Higher education gets higher priority
In recent years, Oregon, traditionally a high-tuition, low-loan state, has had among the nation’s lowest funding for higher education. Every year since 1991, the state has seen a continual disinvestment in funds – until now.
At this week’s legislative session, higher education was named a higher priority than in recent years, thanks in large part to the work of students across the state and organizations such as the Oregon Student Association, a student lobbying group present on nine of the state’s college campuses.
In a survey last June, students gauged where all of the state’s legislative candidates stood. Dissatisfied with higher education’s low priority, OSA took action in the fall with the Student Vote Coalition. Intending to have as many student voters as possible, OSA helped register more than 22,000 students statewide. Voter turnout among Oregon students was at its all-time highest during a non-presidential year.
“Students continued to rally and have a high presence in Salem,” said OSA Communications Director Courtney Sproule.
After talking with a lobbyist, students spent the winter orchestrating several events. The prescription campaign asked Gov. Kulongoski to “doctor” students’ “ailments” with giant prescription cards. Students Love Tuition Equity, a Valentine’s Day-themed campaign, called for all qualified Oregon high school students to be granted in-state tuition regardless of documentation status. Another was the recipe campaign, in which students filled out thousands of recipe cards with the necessary ingredients for a stronger Oregon.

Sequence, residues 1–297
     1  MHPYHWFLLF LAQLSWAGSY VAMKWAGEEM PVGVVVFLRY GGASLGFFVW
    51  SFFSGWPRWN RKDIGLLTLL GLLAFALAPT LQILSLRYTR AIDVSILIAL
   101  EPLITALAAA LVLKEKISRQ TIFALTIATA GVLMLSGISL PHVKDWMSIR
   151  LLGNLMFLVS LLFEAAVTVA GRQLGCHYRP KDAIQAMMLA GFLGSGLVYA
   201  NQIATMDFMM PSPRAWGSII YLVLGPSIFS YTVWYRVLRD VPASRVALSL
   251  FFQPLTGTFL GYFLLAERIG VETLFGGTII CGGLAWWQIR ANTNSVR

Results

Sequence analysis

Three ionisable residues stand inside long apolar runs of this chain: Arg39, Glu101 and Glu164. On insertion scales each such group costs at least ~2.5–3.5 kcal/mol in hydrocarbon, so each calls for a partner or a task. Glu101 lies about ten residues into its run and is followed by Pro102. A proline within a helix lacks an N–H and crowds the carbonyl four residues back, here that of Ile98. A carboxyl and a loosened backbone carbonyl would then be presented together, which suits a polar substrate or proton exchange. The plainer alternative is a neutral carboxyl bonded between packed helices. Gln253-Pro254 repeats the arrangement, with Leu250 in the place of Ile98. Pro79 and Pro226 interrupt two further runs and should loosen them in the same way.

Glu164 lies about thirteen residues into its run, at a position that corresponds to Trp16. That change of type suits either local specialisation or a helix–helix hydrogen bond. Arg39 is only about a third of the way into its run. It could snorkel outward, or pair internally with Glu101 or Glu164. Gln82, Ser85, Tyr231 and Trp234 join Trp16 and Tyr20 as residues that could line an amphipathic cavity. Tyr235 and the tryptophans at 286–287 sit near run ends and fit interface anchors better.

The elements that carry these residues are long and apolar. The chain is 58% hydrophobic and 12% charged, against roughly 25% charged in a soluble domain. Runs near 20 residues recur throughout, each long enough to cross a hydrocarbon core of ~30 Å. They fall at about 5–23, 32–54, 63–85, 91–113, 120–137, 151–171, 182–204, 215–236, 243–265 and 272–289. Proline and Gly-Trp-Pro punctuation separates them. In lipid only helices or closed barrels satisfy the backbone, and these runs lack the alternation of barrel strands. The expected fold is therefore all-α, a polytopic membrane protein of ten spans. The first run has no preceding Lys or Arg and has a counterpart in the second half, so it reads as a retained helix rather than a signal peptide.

In March, however, the Ways & Means Committee announced its budget, which slashed the initial funding recommended by Kulongoski by $15.4 million.
“The Ways & Means Committee has a bunch of subcommittees,” explained ASUO President Emily McLain, former State Affairs Coordinator for the ASUO. “We did most of our lobbying to the subcommittee on education, which gives its recommendations to the co-chairs, who ultimately come up with the final budget, which is voted on, agreed with, or disagreed with.”
The students continued to fight for their futures – hosting call-in days, writing letters, testifying at hearings in Salem, holding bake sales, and delivering giant piggy banks filled with cards to legislators asking them to “bank” on education.
“With a bachelor’s degree, it’s estimated that we will each contribute more than $61,000 in taxes in our lifetimes,” McLain said, pointing out that number is significantly higher than it would be without a college education. “It showed that it’s not really short-term, but that it’s good for the state in the long run.”
By the end of this legislative session, Oregon’s higher education will become a high priority, after the initial spending plan put it after nearly every other state service, including K-12 schools and state police.
“We really went from being last in line to the winners,” said ASUO, OSA and Campus Organizer Tom Hojem, who pointed out the ending budget was 18 percent higher than Kulongoski originally proposed. The state’s seven-school university system was awarded $868 million and its community colleges, $500,000.
“For the next biennium, it’ll be the biggest reinvestment in higher education in Oregon,” said Sproule, one of the many students who went to Salem Thursday for the governor’s official signing of the budget.
OSA’s list of legislative victories include keeping tuition increases at 3.4 percent, adoption of the Shared Responsibility Model (which works to close the affordability gap), funding for the Student Child Care Program, and more affordable textbooks.
“The students were constantly here in the building,” said State Sen. Vicki L. Walker. “Representatives from the OSA worked closely with legislation; it was really well done. In the past, we got an ‘F’ for access and affordability, but this session really changed that. It’s the best education budget in decades.”
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